Palazzo Firrao, Naples, Italy | CruiseBe
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Palazzo Firrao, Naples

History and museums
palace, sightseeing, walking, history, culture

The Palazzo Firrao or Palazzo Bisignano, once called Palazzo di Santa Agata, is a monumental palace located on Via Santa Maria di Costantinopoli number 98, facing Piazza Bellini, in central Naples, Italy.


A palace at the site existed by the early 1500s, since it is known it once sported external frescoes by Polidoro di Caravaggio. The palace was purchased in the early 17th century by Cesare Firrao, Prince of Sant’Agata and Luzzi, in Calabria. It is generally held that he commissioned the Baroque architect Cosimo Fanzago to rebuild the palace, and that this architect designed the present facade. Others attribute much of the work to Jacopo Lazzari and his son Dionisio. The palace facade was apparently completed by 1630-1640s.

The close affiliation of Firrao to the viceroy's government almost led to the destruction of the palace during the 1647 revolution of Masaniello, but thanks to the intervention of Cardinal Ascanio Filomarino, the palace was spared. Tradition holds that the cardinal was able to dissuade the mobs by pointing to the bust of Charles I of Spain, Holy Roman Emperor, on the facade, and invoking that king's restrained taxation.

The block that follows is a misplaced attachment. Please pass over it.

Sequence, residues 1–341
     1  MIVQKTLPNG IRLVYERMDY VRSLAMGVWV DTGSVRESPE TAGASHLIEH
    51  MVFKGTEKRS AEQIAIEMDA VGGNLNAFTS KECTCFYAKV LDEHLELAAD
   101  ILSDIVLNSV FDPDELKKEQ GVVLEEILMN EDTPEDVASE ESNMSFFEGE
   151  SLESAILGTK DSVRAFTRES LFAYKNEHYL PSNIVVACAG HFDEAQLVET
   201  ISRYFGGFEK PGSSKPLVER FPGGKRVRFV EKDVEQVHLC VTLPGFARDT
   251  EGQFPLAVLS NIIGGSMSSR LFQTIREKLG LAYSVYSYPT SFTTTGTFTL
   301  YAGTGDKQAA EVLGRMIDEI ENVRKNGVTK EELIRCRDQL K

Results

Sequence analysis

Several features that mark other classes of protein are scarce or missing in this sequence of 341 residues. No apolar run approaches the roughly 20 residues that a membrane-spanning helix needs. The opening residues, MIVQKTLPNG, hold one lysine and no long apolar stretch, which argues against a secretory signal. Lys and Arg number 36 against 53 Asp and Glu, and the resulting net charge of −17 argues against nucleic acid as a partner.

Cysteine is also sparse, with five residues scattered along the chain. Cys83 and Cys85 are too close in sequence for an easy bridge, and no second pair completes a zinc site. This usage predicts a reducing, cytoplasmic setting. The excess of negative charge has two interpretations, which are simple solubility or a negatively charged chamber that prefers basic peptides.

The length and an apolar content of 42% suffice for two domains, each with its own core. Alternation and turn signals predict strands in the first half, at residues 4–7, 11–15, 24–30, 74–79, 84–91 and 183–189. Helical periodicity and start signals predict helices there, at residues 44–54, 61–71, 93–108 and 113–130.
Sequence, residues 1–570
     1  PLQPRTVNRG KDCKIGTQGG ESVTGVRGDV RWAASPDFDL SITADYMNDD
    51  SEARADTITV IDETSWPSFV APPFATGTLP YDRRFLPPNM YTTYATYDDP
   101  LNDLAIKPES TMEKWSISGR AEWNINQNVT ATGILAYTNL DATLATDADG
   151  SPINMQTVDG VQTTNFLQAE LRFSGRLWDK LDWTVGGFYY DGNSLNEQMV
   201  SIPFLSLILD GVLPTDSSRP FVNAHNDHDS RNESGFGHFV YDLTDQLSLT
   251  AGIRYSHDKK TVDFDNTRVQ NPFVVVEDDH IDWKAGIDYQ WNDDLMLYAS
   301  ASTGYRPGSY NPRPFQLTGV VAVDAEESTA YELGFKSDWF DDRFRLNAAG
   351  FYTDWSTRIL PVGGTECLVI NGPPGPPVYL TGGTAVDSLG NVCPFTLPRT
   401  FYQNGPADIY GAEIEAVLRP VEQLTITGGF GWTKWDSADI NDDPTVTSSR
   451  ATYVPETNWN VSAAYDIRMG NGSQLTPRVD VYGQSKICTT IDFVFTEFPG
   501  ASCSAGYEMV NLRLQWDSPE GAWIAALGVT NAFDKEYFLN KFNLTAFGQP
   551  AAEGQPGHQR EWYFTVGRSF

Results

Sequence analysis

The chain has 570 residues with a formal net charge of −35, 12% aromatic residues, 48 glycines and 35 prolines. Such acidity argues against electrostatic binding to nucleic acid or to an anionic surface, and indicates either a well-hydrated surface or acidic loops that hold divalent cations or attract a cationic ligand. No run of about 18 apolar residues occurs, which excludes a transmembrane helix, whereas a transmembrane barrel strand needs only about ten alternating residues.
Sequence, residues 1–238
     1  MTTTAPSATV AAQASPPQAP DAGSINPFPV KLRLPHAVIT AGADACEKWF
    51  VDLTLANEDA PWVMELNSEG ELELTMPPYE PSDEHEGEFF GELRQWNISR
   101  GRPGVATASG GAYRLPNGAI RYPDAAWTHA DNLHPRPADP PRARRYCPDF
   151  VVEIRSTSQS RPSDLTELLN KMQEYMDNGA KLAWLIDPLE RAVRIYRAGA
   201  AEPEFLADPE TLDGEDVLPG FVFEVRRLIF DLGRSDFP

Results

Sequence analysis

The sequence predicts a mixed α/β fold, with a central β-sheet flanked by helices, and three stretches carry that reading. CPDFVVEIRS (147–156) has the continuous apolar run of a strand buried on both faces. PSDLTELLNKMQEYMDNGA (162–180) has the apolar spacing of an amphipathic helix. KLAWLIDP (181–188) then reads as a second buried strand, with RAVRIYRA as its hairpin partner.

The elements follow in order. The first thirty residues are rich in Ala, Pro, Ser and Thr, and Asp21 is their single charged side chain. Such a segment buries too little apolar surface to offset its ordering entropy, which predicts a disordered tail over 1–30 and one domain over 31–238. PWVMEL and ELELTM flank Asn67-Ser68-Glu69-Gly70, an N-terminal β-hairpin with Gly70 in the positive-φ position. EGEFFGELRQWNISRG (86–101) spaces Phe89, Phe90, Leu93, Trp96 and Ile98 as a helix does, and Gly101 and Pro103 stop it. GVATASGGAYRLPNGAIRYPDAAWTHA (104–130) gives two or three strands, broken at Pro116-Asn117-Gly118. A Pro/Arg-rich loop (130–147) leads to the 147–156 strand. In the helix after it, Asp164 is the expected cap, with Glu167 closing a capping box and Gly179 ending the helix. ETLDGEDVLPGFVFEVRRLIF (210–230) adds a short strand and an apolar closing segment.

The male family of Firrao died out by the second half of the 17th century, and the palace passed through a daughter Livia Firrao, to the line of her husband Tomasso di Sanseverino, Prince of Bisignano. In modern times, it housed government offices.


The base floors of the facade are constructed with rusticated piperno rock, carved with sturdy but tall Ionic pilasters. The ground floor windows are topped with interrupted pediments with decorative urns. The superior tympanum of the portal is flanked by two reclining statues, each with cornucopiae, depicting Magnanimity (with lion) and Charity (with eagle). In the center, below a forward prancing horse, is a shield displaying the heraldic symbols of the Firrao family.

The superior floors also are rich in sculptural elements, with two stories of carved pilaters, the topmost of which are surmounted by symbols of the Firrao family: grapes, lions, and raring horses. But the striking element are the seven medallion niches containing marble busts of rulers of Naples, mostly from the House of Habsburg, which Firrao served. Sculpted by Giulio Mencaglia, perhaps with help from Bernardino Landini and Giuliano Finelli from left to right (not in chronologic order) they depict: Philip IV, Phillip II, Ferdinand II (?), Charles I, Ferdinand III, Philip III and Carlos the Second.

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